Osteofibrous Dysplasia

Osteofibrous dysplasia is a benign fibro-osseous cortical lesion that almost exclusively occurs in the tibia and fibula. It is most commonly seen in the mid-diaphysis of the tibia. Some consider it synonymous with ossifying fibroma because of histological similarities, but it is generally considered a separate entity due to different presentation and treatment.

A commonly used synonym is ossifying fibroma of the long bones.

Most are seen around the age of 10 years, and there is likely a slight male predilection.

Most patients present with pain and swelling, and patients may present secondary to a pathological fracture.

Osteofibrous dysplasia is considered as a benign, non-neoplastic condition. Some consider it as part of a spectrum of osteofibrous dysplasia-like adamantinoma and adamantinoma.

Microscopic appearance

Histology shows trabecular bone woven within fibrous stroma with osteoblastic rimming and mature lamellar bone.

It is closely related to fibrous dysplasia (fibrous dyplasia is predominantly medullary), but zonal phenomenon and osteoblastic rimming of bony trabeculae are absent in fibrous dysplasia.

Osteofibrous dysplasia and ossifying fibroma of the jaw have similar histological characteristics, but osteofibrous dysplasia shows cytokeratin-positive cells, whereas ossifying fibroma of the jaw shows psammomatous calcification, which are exclusive features.

Although adamantinoma can contain osteofibrous dysplasia-like components, nests or strands of epithelioid cell are the differentiating feature between adamantioma and osteofibrous dysplasia.

Adamantinoma with scarce epithelioid component and mostly composed of osteofibrous dysplasia-like tissue are considered as osteofibrous dysplasia-like adamantinoma.

Osteofibrous dysplasia occurs in a younger age group than adamantinoma, which occurs in an older age group. They are usually smaller than adamantinomas - mean 6-7 cm compared to 10-17 cm for adamantinoma.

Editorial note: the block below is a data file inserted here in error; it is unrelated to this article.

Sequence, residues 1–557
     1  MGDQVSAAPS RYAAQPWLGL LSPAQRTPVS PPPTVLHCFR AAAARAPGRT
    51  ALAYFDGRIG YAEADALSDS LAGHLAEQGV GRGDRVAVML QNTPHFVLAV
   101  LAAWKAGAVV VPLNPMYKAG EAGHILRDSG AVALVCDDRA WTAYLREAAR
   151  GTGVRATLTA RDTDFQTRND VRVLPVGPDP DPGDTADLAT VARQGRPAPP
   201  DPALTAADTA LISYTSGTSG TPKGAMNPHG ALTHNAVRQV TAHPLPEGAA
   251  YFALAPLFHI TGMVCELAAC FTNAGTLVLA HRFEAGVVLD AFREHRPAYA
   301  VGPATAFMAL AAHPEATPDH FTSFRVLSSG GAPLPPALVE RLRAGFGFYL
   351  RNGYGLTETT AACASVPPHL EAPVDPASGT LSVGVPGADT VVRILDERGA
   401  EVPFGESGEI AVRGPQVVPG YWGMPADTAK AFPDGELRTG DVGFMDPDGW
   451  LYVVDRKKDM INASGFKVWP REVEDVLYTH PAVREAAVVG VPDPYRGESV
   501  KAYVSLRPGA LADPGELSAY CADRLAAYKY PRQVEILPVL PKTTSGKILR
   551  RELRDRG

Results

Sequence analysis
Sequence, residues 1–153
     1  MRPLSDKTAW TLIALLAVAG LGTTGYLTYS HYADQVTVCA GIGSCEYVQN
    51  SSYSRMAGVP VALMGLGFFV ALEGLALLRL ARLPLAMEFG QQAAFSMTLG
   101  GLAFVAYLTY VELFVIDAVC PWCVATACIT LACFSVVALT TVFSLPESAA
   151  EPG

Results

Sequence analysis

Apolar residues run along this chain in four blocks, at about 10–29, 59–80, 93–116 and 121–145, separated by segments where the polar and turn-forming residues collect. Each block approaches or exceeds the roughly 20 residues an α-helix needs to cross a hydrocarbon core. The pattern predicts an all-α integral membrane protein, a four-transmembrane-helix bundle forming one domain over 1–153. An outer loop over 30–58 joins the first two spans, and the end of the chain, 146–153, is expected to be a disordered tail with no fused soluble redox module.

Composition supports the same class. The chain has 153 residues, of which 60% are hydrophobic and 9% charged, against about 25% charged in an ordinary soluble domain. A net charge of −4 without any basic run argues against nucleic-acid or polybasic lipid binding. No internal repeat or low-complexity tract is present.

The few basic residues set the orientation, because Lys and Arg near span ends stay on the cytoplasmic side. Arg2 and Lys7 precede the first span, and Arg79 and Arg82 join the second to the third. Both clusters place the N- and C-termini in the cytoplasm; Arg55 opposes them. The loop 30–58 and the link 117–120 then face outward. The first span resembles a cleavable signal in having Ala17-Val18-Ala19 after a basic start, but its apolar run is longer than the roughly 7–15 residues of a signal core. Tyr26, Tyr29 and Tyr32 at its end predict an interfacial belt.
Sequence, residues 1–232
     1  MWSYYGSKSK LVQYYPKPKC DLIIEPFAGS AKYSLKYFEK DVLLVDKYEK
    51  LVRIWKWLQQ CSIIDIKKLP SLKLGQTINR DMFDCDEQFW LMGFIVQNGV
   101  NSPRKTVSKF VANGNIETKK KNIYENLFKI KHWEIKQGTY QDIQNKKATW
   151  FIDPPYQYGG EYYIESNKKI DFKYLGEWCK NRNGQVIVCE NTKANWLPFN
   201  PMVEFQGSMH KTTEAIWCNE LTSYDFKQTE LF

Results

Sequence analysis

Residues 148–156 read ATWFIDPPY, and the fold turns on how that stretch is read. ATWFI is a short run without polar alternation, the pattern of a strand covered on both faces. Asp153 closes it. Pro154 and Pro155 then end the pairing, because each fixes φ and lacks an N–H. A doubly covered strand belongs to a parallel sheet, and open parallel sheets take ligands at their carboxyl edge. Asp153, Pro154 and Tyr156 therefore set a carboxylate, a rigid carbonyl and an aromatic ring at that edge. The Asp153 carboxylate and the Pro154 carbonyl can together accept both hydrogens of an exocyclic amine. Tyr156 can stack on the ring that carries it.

Plain radiograph remains the initial and chief investigation

  • location along the long axis: mid-diaphysis, especially anteriorly
  • location along the transverse axis: cortical with medullary encroachment
  • lobular-to-bubbly in appearance
  • lucent or ground-glass
  • narrow zone of transition
  • well-defined sclerotic margins
  • pseudotrabeculations and anterior bowing may also be present
  • no periosteal reaction and no nidus

MRI is usually the next step in investigating suspected osteofibrous dysplasia:

  • T1: intermediate signal
  • T2: intermediate-to-high signal
  • T1C+: diffuse and intense enhancement.
  • no soft-tissue component
  • no cortical destruction

Surgery is reserved for lesions that are large or demonstrate aggressive behaviour.

They usually have an excellent prognosis and usually stabilise or spontaneously regress once the child is over 10 years old.

It can be locally destructive and may result in pathological fracture, subsequently pseudarthrosis.

Local recurrences can occur after surgery with some aggressive recurrence, possibly due to components of adamantinoma or possible transformation to adamantinoma.

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Article Information

rID: 51980
Section: Pathology
Synonyms or Alternate Spellings:
  • Ossifying fibroma of long bones

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